Chandigarh, Aug 2 (IANS): Upset with the central government over the state not being given anything in the recently-announced Rs.1,900 crore package for states with deficient rainfall this year, the Punjab government Thursday sought a package of Rs.2,380 crore for the food grain-surplus state.
Expressing his "shock" at Punjab being completely overlooked, Punjab Chief Minister Parkash Singh Badal, in a memorandum to Prime Minister Manmohan Singh, sought his "urgent, immediate and effective intervention" for a "central package of Rs.2,380 crore for the beleaguered Punjab farmers reeling under one of the worst monsoon failures in recent history".
Badal said that he would meet the prime minister soon on the issue.
He noted that there has been a crippling 65 percent deficit in monsoon up to July 25 this year.
"The country at large and Punjab and the northwest region of the country are in the throes of one of the worst droughts since the 1960s. Worse, the forecast for the remaining stretch of the monsoon period holds out no hope for the Kharif season. The timing of the rainfall deficit has dealt a crushing blow to the peasantry in Punjab as it hit them at the sowing season," Badal said.
"The 65 percent rainfall deficit means that the farmers will have to incur an additional expenditure for sustaining the paddy crop transplanted in about 27.80 lakh hectares and other Kharif crops like cotton and maize by using diesel to run pump-sets."
He said that the additional expenditure on the farmers and the state government owing to the deficit monsoon would amount to Rs.2,380 crore.
The chief minister said that the treatment meted out to the leading agricultural state of the country has been shocking. Punjab alone contributes nearly 70 percent of the food grains to the national kitty despite having only about 1.55 percent of the country's geographical area.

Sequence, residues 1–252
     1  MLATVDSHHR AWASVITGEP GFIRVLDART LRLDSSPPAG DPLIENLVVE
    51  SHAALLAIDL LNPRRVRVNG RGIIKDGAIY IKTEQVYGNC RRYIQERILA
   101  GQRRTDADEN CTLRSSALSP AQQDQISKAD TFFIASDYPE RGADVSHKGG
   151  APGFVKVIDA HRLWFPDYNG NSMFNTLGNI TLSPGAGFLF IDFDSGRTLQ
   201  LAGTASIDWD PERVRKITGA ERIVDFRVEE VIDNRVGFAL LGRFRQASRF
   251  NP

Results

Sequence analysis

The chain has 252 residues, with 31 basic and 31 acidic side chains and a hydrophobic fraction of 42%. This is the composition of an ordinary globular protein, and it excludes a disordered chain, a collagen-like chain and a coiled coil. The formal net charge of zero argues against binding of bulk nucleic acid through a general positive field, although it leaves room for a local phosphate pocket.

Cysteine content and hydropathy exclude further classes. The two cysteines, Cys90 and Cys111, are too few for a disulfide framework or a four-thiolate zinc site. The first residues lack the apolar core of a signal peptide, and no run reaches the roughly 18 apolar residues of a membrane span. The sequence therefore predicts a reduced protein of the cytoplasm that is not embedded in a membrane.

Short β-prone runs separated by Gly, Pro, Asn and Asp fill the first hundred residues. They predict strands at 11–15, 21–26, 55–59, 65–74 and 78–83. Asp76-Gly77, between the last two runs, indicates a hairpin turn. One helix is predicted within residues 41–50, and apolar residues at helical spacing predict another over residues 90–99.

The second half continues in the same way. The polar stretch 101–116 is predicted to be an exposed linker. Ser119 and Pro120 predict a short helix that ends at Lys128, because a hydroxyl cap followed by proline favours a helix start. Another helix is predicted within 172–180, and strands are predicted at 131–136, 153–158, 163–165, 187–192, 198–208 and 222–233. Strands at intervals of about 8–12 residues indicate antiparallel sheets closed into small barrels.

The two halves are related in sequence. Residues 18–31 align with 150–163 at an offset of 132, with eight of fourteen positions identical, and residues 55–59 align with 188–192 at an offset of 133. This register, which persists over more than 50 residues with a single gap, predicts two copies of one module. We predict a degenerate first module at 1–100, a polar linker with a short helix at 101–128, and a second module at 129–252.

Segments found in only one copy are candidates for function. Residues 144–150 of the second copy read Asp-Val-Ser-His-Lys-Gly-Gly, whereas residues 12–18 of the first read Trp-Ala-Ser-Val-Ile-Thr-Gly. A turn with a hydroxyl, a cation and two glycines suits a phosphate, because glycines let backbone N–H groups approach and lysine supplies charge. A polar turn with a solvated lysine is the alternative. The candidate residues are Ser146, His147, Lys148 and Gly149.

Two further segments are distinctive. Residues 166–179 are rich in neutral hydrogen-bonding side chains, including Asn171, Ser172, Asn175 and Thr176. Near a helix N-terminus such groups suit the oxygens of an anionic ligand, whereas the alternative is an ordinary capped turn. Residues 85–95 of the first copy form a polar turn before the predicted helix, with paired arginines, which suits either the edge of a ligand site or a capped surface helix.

"We have been seeking a comprehensive economic package to save the nation's saviour. Unfortunately, even the financial packages announced for farmers in the country have by-passed the country's leading agricultural state. All this has virtually broken the back of agriculture and agriculturists in the state," Badal said.
"The monsoon-stricken present juncture is one of the most critical points of time when farming and farmers in Punjab and the overall food security of the country are face to face with a crisis of frightening magnitude," he said.
Stressing that Punjab's farmers had brought India to its present status of being food grain surplus from the time when the nation had to import food grain or beg for it from other countries, Badal claimed that the faulty policies of the central government were driving Punjab's farmers to humiliation and even death.
"The farmer of Punjab has sacrificed two of his most precious assets at the altar of the national interest - land fertility and water. And he has always done it with dignity and without seeking any favours from any government. If he is not saved, the country at large would be pushed back to the days of disgrace and hunger yet again," Badal said.